“But you said you fought a dragon, and other things—not the Moon. And it wasn’t always about fighting.” He waited to see if she would respond to that, and when she didn’t, he went back to Tom. “You disdained Tom, right, Maud? The song says you did—that you somehow crossed him. He’s angry at you, and you at him. Why would he come back to you, just because you fought?”
Still no answer. He wanted to say, you have to reclaim the parts of yourself you think of as masculine. But he couldn’t just feed her the answer straight out. That didn’t work on ordinary problems, like anxiety or depression; he could hardly expect it to work on archetypal schizophrenia.
He was doing this all wrong anyway—approaching it like a therapist, not like the metaphor of a therapist. With an ordinary patient, talk therapy could take weeks, months, circling around the ideas again and again until the subject was finally ready to admit the truth to herself. That was usually what it boiled down to, the therapist as—
His breath caught a second time. Oh, hell. First Jungian metaphors, and now Rogerian psychotherapy? None of this was standard operating procedure for schizophrenia. But his instincts had led him right so far; in the absence of anything better, he might as well keep going.
He bowed to Maud, a reflexive move, inspired by the notion of this place as a tournament field. “Dame Maudlin—”
“I ain’t no knight,” she said sharply, frowning at him.
Not an auspicious start. “What makes a knight?”
“A knighting.” Now her frown suggested he was an idiot.
“A tap of the sword on the shoulder?” Peter asked, in tones that invited doubt. “I would say that by summoning you to this tournament, they have recognized you as a knight—as one worthy to stand on this field of honor.” Were those phrases his own, crafted out of childhood memory, or was this place feeding them to him? He wasn’t sure he wanted the answer to that question.
Maud wavered. But he needed her to go along with this; without it, none of the rest would make much sense. Grasping at straws, Peter dug in his pocket for a pen, and brandished it in the air. “With this my symbol of authority, I shall make formal what until now has only been recognized in deed. Kneel.”
She obeyed, surprising him. Tapping her on the shoulders and head with the pen, he said, “I dub thee Dame Maudlin, champion of all souls lost to madness. For them you shall face your enemy, and emerge victorious. Rise, Dame Maudlin.”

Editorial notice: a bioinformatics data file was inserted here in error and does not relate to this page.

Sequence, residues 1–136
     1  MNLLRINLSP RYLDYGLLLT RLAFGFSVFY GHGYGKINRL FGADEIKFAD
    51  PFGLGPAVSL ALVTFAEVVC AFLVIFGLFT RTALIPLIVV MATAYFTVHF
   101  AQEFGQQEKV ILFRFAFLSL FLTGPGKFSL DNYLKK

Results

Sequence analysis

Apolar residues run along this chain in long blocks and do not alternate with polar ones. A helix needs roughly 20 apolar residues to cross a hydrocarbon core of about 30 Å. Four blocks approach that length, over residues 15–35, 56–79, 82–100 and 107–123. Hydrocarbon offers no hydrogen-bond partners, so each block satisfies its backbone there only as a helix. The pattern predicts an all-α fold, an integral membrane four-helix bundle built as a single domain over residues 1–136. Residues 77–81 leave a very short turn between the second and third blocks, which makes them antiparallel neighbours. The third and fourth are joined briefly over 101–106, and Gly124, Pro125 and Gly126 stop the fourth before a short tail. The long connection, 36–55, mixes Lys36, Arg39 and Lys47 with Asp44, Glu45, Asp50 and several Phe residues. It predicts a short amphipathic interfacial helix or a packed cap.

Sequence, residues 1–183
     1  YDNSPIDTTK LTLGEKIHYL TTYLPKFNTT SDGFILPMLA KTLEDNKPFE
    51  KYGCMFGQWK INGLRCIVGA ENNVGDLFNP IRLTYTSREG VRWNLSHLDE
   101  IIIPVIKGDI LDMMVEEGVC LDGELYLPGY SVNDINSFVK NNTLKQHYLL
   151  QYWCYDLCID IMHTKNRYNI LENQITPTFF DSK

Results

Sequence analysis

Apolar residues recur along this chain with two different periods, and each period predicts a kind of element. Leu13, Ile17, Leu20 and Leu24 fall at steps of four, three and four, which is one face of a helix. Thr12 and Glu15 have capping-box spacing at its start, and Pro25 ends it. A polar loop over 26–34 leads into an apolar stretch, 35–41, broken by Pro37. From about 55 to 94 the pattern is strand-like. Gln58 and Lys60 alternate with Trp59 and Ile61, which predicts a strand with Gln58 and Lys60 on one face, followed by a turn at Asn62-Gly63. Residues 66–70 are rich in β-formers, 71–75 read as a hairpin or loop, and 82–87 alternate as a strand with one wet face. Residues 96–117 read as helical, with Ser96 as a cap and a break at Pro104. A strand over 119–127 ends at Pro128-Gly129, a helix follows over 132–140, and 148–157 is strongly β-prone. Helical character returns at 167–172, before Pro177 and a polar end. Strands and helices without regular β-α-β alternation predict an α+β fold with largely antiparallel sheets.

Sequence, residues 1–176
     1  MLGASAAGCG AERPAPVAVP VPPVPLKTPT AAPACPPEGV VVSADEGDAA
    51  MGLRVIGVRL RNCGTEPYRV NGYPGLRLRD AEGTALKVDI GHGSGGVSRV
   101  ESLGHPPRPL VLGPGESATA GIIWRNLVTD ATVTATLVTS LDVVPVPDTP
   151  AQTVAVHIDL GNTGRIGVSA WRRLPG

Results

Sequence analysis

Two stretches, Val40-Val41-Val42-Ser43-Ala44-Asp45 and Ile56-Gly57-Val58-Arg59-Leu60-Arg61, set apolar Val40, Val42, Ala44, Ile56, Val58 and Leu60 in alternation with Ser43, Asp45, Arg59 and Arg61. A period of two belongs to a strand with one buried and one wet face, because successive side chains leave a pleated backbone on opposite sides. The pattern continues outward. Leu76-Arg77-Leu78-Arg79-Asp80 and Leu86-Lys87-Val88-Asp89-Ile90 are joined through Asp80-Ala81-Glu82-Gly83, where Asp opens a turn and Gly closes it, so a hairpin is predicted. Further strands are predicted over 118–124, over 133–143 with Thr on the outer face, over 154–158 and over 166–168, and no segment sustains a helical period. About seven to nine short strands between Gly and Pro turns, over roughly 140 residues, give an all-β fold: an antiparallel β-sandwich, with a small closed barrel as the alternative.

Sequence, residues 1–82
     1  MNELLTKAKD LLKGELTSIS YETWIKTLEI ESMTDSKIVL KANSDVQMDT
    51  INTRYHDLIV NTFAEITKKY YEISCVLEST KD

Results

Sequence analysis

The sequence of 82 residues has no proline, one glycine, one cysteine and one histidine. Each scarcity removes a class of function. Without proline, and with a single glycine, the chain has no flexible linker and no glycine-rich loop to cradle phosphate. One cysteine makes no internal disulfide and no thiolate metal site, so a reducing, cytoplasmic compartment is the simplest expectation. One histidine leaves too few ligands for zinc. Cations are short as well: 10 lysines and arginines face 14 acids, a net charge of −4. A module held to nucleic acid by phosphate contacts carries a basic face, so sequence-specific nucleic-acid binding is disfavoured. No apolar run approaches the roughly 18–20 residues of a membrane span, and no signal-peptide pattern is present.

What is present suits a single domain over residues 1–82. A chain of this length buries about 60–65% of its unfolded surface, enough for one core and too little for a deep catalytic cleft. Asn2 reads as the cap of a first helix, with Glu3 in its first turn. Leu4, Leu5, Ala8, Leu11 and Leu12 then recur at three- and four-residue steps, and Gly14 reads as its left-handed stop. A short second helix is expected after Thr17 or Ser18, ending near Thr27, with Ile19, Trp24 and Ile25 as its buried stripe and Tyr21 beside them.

She did, with a feral grin. But Peter stopped her before she could charge off. “Would it not be better to observe the formalities? Your victory should not be tainted by misconduct; it would sully your honor as a knight. If you will permit me, then I will serve as your messenger, and request a parlay from the other side.”
She objected to this notion almost as much as she had to the title. “Parlay? Thought you said I was ’ere to thrash them.”
“All in good time,” Peter said, wondering if his idea was wrong after all. But Maud had fought before, and always she found herself back here, having to fight again. Surely it was worth trying something new. “This will give you an opportunity to, ah—” Inspiration struck again. “To deliver your challenge in person.”
Maud liked the idea of that. “All right. I’ll meet with them. Do I come with you?”
“No,” Peter said, hiding his own smile. “I will cross. If they agree, I will wait in the middle of the field, and you and the other party shall come to me.”
For all the confidence he projected to Maud, Peter’s hackles rose when he stepped out onto the field. The fairies hooted and cheered, a cacophony of sound, echoed from the far side by the howls and jeers of the Moon’s creatures. If they rushed him . . . he didn’t think psychological theory was likely to make a very good defense against insanity en masse.
Too late for such considerations now. As soon as he came within range of the Moon, he sank to one knee. “I bring a message from Dame Maudlin.”
The silver face was remote, showing only the faintest hint of interest. Peter thought, looking at it, that he could see every lunar symbol he’d ever encountered: tarot cards, werewolves, the Apollo missions, fat smiling faces in children’s books, everything superimposed at once upon a single figure. And the voice ran like ice down his spine when the Moon answered, “We are always glad to hear from our subjects.”
Should he challenge the implication that Maud was her subject? No, that would come of its own accord, if his idea worked. And if it didn’t, well, there was always the brawling option. “Dame Maudlin requests parlay before the tournament begins. With that one.”
He nodded at Tom o’ Bedlam.
The figure stirred within the shadow. This, Peter cautioned himself, was a being as dangerous as Maud; more, perhaps, for Tom was the Moon’s captive thrall. Who could say where his loyalties lay?
The Moon sat motionless: not the stillness of a person, whose heart still beat within, but the perfect stasis of something that was never alive at all. Then it said, “Very well, champion of the Sun. Claim them if you can.”
Peter’s heart stuttered. Of course the Moon would guess; he could hardly hope to fight for rationalism and sanity here, and not have lunacy notice. No, what sent tension dancing along his nerves was the cool amusement in the Moon’s voice. It seemed to laugh at something he could not see.